This article first appeared in the 05 March 2014 issue of the New Statesman, Putin's power game

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Politicians and fashion? Why their approach can be telling

My week, from spying on the spies to Theresa May’s fashion charm offensive – and how Sadiq stole hearts.

About nine months ago I was asked if I wanted to spend a morning with Zac Goldsmith, as he appeared to be wakening from the slumber that had obviously taken hold of him when he decided to run for mayor of London. However, after about three minutes in his company (maybe less, actually) I realised that not even his campaign team – let alone voters in the Borough of Southwark – thought he had a hope in hell of winning.

There was only ever going to be one winner, and the enthusiasm with which Sadiq Khan has been greeted by London has been heartwarming. He won the politician award at GQ’s Men of the Year Awards a few weeks ago, and I’d never heard such a roar as he leapt up on stage to collect it. Well, I’ve heard such roars for the likes of Michael Caine, Elton John and Amy Schumer, but rarely for a politician. In fact, the last time there was such fulsome applause for a politician at the GQ awards was when we gave one to a pre-Sextator David Blunkett. Perhaps I shouldn’t be surprised: the last time Noel Gallagher graced us with his presence, he asked: “Is this what a Conservative party conference looks like?”

 

On the dole

The recent past is being hauled over so repeatedly that soon there are going to be ­retrospectives of events that happened only last week. Or next week. On paper, the new exhibition at the V&A in London, entitled “You Say You Want a Revolution? Records and Rebels 1966-1970”, seemed slightly behind the curve, but the reality is very different – as it’s probably the best exhibition you’ll see in London this year.

This is all down to the curation, which was handled by Geoffrey Marsh and Victoria Broackes, the wizards behind “David Bowie Is”, the most successful show in the V&A’s history. It’s a terrific exhibition, although being reminded of the cultural and political insurrection of the Sixties also reminds you of the period’s seemingly innate optimism as a new London was mushrooming into life. Winston Churchill was dead, abortion was about to be made legal and the rise in happiness seemed exponential. Britain was experiencing almost full employment (though the government wobbled slightly in the spring of 1966 when it was announced that the jobless total had gone up to half a million). It never occurred to anyone that there might not be a job
waiting for them when they left school or their red-brick university.

 

Priced out

There certainly won’t be a house waiting for them, not if they intend to live in London. The marketing bods behind the new development at Battersea Power Station came in to make a presentation at Vogue House a few weeks ago, showing us lots of slides and videos about their fabulous ­development. There’s a Frank Gehry this and a Frank Gehry that, a swimming pool, a private members’ club and lots of artisanal independent retailers selling organic rhubarb and fancy beer, blah blah blah.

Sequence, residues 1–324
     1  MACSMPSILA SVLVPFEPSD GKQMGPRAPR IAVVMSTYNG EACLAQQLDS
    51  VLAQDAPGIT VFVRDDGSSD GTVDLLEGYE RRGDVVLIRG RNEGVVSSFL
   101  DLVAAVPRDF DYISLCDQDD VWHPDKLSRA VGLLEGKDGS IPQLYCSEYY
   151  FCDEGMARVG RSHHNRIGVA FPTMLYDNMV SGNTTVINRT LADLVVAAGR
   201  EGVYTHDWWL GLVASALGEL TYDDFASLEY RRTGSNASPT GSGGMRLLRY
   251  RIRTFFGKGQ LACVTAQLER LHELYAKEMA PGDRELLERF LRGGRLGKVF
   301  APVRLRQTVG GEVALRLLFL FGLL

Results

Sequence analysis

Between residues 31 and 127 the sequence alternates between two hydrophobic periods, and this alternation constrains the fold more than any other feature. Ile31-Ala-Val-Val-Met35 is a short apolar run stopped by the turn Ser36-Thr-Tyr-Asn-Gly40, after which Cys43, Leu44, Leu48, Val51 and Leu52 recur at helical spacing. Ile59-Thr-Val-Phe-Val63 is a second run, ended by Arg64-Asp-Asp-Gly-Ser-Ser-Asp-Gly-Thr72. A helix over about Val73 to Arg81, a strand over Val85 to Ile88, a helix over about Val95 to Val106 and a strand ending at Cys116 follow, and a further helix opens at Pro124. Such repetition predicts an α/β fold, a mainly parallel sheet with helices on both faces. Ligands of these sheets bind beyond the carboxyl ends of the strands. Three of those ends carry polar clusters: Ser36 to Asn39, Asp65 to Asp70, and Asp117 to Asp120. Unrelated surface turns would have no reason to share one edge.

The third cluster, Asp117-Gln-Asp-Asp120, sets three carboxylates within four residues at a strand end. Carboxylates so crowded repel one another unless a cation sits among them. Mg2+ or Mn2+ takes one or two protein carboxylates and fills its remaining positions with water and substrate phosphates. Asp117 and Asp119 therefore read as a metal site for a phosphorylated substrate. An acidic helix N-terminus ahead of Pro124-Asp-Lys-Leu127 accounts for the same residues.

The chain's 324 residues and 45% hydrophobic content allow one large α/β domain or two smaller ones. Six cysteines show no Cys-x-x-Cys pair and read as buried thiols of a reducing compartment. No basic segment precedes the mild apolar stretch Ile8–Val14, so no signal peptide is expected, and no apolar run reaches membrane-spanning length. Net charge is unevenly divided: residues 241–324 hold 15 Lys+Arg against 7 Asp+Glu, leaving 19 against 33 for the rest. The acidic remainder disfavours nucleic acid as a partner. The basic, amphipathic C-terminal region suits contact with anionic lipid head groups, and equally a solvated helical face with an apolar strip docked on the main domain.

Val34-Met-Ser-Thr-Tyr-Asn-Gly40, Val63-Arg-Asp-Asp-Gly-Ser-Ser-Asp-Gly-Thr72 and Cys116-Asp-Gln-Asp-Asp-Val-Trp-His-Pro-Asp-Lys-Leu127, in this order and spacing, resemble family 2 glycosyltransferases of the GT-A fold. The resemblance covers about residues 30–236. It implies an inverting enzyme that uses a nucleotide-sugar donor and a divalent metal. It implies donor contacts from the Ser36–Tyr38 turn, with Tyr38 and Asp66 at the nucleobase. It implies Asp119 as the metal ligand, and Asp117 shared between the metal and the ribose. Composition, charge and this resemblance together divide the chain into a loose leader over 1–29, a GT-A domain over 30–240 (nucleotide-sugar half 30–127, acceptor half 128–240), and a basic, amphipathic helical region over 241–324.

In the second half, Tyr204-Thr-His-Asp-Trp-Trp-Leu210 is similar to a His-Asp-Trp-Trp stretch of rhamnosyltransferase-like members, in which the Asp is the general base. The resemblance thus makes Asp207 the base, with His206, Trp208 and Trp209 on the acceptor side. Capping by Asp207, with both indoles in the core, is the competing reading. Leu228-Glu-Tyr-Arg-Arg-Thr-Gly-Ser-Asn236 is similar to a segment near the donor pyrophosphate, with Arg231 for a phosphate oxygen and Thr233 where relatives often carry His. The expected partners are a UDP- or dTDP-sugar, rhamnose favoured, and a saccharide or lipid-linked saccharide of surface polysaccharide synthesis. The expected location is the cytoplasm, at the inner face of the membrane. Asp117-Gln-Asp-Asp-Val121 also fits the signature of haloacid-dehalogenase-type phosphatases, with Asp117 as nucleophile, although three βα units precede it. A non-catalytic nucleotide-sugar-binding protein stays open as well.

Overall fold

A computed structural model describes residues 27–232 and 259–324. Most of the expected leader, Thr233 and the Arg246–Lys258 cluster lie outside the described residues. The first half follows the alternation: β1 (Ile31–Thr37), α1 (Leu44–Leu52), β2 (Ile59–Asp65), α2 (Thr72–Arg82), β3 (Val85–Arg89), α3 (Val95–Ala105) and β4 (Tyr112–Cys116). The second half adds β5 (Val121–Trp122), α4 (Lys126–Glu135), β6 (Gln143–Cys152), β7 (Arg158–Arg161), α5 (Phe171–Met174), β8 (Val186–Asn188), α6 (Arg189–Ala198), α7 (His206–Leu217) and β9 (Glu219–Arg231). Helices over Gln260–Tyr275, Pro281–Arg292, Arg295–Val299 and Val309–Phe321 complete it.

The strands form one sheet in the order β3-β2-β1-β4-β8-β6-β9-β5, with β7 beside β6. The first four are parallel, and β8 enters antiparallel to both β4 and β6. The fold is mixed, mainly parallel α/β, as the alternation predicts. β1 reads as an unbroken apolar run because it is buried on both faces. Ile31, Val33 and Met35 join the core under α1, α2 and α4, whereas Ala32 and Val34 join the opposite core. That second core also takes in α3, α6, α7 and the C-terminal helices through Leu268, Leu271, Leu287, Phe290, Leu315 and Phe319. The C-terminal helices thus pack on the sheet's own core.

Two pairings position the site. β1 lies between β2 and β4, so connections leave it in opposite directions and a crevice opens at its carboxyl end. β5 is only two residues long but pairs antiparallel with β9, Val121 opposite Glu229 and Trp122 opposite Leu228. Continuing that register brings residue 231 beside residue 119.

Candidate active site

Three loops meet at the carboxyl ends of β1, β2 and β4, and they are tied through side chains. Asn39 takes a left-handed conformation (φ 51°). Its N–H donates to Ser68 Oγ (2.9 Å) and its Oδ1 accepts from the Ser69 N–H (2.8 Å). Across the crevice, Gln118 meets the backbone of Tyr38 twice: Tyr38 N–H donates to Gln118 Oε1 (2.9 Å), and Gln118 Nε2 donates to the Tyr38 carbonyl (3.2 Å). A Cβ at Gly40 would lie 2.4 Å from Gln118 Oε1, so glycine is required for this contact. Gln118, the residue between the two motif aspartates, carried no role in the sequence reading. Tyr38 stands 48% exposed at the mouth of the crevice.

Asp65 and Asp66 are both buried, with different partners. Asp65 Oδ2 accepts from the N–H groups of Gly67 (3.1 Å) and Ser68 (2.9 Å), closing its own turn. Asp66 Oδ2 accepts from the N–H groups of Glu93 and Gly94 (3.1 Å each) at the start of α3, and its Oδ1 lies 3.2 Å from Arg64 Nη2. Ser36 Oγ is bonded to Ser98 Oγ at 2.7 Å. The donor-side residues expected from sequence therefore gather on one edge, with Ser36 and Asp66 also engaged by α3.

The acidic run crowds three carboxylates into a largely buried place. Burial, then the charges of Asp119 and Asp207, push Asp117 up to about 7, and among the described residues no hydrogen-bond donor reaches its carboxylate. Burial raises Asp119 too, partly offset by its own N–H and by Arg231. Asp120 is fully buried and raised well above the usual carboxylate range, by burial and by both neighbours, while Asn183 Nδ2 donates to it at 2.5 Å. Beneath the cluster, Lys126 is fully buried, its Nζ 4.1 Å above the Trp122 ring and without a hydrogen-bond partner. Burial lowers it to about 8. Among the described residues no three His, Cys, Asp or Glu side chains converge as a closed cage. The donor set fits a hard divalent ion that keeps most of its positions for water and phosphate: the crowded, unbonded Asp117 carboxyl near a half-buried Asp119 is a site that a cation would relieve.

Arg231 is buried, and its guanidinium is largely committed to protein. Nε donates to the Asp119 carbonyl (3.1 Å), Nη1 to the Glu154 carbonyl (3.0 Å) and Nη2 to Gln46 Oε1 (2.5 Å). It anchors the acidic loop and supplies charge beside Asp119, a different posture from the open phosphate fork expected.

Their roll-call of “good things” included the ominous words “affordable housing”, but this appears to be anything but. After the presentation, I promptly stuck my hand up and asked them what they actually meant by affordable housing. The answer I got wasn’t satisfactory, so I asked again: “What does your entry-level accommodation cost?” And the very charming man with the lapel-mike coughed apologetically and almost whispered, “£350,000.” At which point I made my excuses and left.

The idea that my daughters can one day get on the property ladder in London is pure fantasy, and they certainly won’t be living in Battersea, or indeed anywhere near it.

 

Back in fashion

Last Thursday, Theresa May hosted her first reception at Downing Street for the British fashion industry, an event that usually takes place twice a year, and which is attended by fashion designers, industry figures, newspaper and magazine editors and the like. ­Samantha Cameron was always a significant supporter of the sector (which contributes more to the country’s GDP than the car industry), as was Sarah Brown before her, and it is instructive that May has decided to follow in their footsteps.

It’s also telling that Mrs Cameron was not only invited to the event at No 10 but turned up, which says a lot about both women. Theresa May is a fundamentally shy person, yet she not only made a pitch-perfect speech in front of a Brexit-sensitive (and quite possibly suspicious) crowd, but chose to embrace the opportunity to espouse the growing importance of an industry that was so closely associated with the wife of her predecessor. There is such a lot of noise at the moment surrounding the PM’s apparent lack of interest in remaining on good terms with David Cameron, so one wonders what, if anything, is going on here. Taken at face value, May’s move at the reception was extremely classy.

 

The spying game

The following day I found myself in Cheltenham for a five-hour briefing on counterterrorism, cyber-defence, drug smuggling and child kidnapping at GCHQ.

I had expected the place to be like the Foreign Office, but it’s actually more like Google, Apple or Nike, and feels as though it could easily be a campus on America’s “Left Coast”.

There is an incredible sense of purpose at GCHQ, a feeling that they are all working for the common good, and frankly I found it infectious. While the denizens of Silicon Valley might be very adept at pushing the frontiers of consumerism, designing training shoes, telephones and algorithms, it felt far more appropriate to be spending time with men and women obsessed with making the world safer.

Dylan Jones is the editor-in-chief of GQ and a trustee of the Hay Festival

This article first appeared in the 22 September 2016 issue of the New Statesman, The New Times